Freescale Optimizes LDMOS Radio Frequency Integrated Circuits for WiMAX

Freescale Semiconductor introduced three high power LDMOS Radio Frequency Integrated Circuits (RFICs) that allow designers of RF power amplifiers for WiMAX base stations to reduce costs, form factors and part counts. The devices are engineered to also increase performance and reliability when compared with amplifiers employing discrete RF power transistors.

The devices extend Freescale’s portfolio of RFICs to the two primary bands utilized by WiMAX throughout the world – 2.7 GHz and 3.5 GHz. They are the first RFICs available in over-molded plastic packages to operate at these frequencies, enabling them to leverage cost and mechanical stability advantages. They are also the first such devices to integrate multiple gain stages into a single over-molded plastic packaged device, thereby reducing cost, size and complexity.

The MW7IC2725N and MW7IC2750N RFICs operate from 2.3 to 2.7 GHz, and the MW7IC3825N operates from 3.4 to 3.6 GHz. All three devices use Freescale’s seventh-generation high-voltage (HV7) LDMOS process technology, which has been deployed worldwide in discrete field-effect transistors (FETs), as well as in RFICs for wireless applications operating at 900 MHz and 2 GHz.

RFICs Deliver Multiple Benefits
RF power amplifiers employed in WiMAX base stations typically require three or four stages of amplification delivered by discrete RF power transistors to achieve the desired output power. The use of RFICs has significant advantages over this traditional approach. By integrating two stages of gain in a single package, RFICs reduce the number of required individual devices. In most cases, the higher RF output power of the RFICs allows for the elimination of the predriver stage in WiMAX. The devices also can be used along with discrete LDMOS FETs to produce even higher RF output power.

The RFICs can further reduce cost because the capacitors, inductors and resistors required on the circuit board are integrated within the device to provide the same inter-stage impedance matching networks. This minimizes board space and reduces design complexity. System cost savings are further compounded when combined with the inherent cost savings of approximately 25 percent, provided by over-molded plastic packaging versus current air-cavity packages.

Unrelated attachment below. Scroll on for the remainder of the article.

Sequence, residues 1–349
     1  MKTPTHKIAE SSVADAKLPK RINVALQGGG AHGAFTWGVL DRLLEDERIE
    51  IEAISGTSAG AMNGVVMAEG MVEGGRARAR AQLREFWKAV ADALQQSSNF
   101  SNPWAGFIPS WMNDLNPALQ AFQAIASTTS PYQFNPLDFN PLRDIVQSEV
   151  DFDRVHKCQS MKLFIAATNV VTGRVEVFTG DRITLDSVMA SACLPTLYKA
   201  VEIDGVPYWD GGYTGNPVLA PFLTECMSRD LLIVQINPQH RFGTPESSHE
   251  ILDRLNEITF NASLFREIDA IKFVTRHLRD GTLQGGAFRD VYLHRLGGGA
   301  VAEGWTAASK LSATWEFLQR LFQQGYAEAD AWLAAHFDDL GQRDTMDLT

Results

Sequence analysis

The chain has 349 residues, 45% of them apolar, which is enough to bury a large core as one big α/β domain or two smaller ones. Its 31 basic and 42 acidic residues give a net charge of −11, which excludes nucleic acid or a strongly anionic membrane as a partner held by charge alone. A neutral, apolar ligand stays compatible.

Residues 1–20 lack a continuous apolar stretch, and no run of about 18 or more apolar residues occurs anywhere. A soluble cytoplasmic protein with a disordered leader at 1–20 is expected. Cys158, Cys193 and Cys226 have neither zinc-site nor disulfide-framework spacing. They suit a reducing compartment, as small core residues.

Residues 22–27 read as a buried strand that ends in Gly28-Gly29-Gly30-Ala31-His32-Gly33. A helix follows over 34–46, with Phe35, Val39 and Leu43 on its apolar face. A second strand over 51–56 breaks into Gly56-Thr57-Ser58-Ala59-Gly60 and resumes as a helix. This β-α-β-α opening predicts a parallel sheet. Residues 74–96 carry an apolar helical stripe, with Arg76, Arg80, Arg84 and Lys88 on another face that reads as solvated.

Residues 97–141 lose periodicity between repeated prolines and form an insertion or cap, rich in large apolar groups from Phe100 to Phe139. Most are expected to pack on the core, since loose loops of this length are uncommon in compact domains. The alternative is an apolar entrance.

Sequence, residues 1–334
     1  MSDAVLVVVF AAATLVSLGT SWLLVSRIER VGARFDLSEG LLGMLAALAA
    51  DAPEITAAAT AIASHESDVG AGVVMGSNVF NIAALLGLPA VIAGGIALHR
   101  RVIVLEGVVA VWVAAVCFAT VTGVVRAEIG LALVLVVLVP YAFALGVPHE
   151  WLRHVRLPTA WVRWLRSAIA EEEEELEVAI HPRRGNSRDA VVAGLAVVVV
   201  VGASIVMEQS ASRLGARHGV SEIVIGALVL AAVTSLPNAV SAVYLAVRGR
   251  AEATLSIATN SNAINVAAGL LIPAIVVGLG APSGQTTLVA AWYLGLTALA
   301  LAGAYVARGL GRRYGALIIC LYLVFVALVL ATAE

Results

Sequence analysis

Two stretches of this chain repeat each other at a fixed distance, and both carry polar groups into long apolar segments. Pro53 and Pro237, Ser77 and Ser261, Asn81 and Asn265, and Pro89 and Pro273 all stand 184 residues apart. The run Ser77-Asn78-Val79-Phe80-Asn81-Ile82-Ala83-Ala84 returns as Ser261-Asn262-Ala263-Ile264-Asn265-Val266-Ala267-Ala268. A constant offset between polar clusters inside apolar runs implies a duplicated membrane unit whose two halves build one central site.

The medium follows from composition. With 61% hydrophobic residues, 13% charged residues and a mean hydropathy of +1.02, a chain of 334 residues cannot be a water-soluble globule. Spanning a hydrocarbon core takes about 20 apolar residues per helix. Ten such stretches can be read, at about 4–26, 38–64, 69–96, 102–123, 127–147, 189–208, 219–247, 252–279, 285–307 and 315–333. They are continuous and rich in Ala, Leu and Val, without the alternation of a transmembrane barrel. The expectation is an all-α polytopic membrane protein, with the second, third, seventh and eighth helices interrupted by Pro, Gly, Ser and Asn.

“WiMAX is a very promising technology, but it faces strong competition from existing wireless services, making it essential that WiMAX infrastructure equipment be as cost-effective as possible,” said Gavin P. Woods, vice president and general manager of Freescale’s RF Division. “These RFICs can play a key role in this critical cost reduction. Our parts not only help reduce amplifier cost, size and complexity by integrating multiple gain stages in a single device, but they also offer the inherent cost savings of over-molded plastic packaging.”

Key Specifications for Freescale’s RFICs

  • MW7IC2725N: 25 W CW output power at 1 dB gain compression point (P1dB) and at 4 W average power; 28 dB gain, 17% efficiency, Adjacent Channel Power Ratio (ACPR) at 5.25-MHz offset of -50 dBc in 500 kHz channel bandwidth
  • MW7IC2750N: 50 W CW output power at 1 dB gain compression point (P1dB) and at 8 W average power; 26 dB gain, 17% efficiency, ACPR at 5.25-MHz offset of -49 dBc in 500 kHz channel bandwidth
  • MW7IC3825N: 25 W CW output power at 1 dB gain compression point (P1dB) and at 5 W average RF output power; 23.5 dB gain, 15% efficiency, ACPR at 5.25-MHz offset of -49 dBc in 500 kHz channel bandwidth

These devices operate from a 28 to 32 VDC supply and are extremely rugged, with the ability to handle a VSWR of 10:1 at 32 VDC while delivering their rated CW output power.

With the use of Freescale’s innovative over-molded plastic packaging, the RFICs are designed to also achieve tight mechanical tolerances, enabling designers to maintain the high manufacturing yields required at WiMAX frequencies, which have been difficult to accomplish when using traditional discrete devices.

The RFICs incorporate electrostatic-discharge (ESD) protection, making them less susceptible to damage during the manufacturing process. This ESD protection enables a greater negative gate-source voltage swing, which improves device performance when operating in Class C mode.

The MW7IC2725N, MW7IC2750N and MW7IC3825N devices are sampling now and full production is expected in Q1 2008. For specific sampling and pricing information, please contact Freescale Semiconductor, a local Freescale sales office or an authorized distributor.

About Freescale Semiconductor
Freescale Semiconductor is a global leader in the design and manufacture of embedded semiconductors for the automotive, consumer, industrial, networking and wireless markets. The privately held company is based in Austin, Texas, and has design, research and development, manufacturing, or sales operations in more than 30 countries. Freescale is one of the world’s largest semiconductor companies, with 2006 sales of $6.4 billion (USD).

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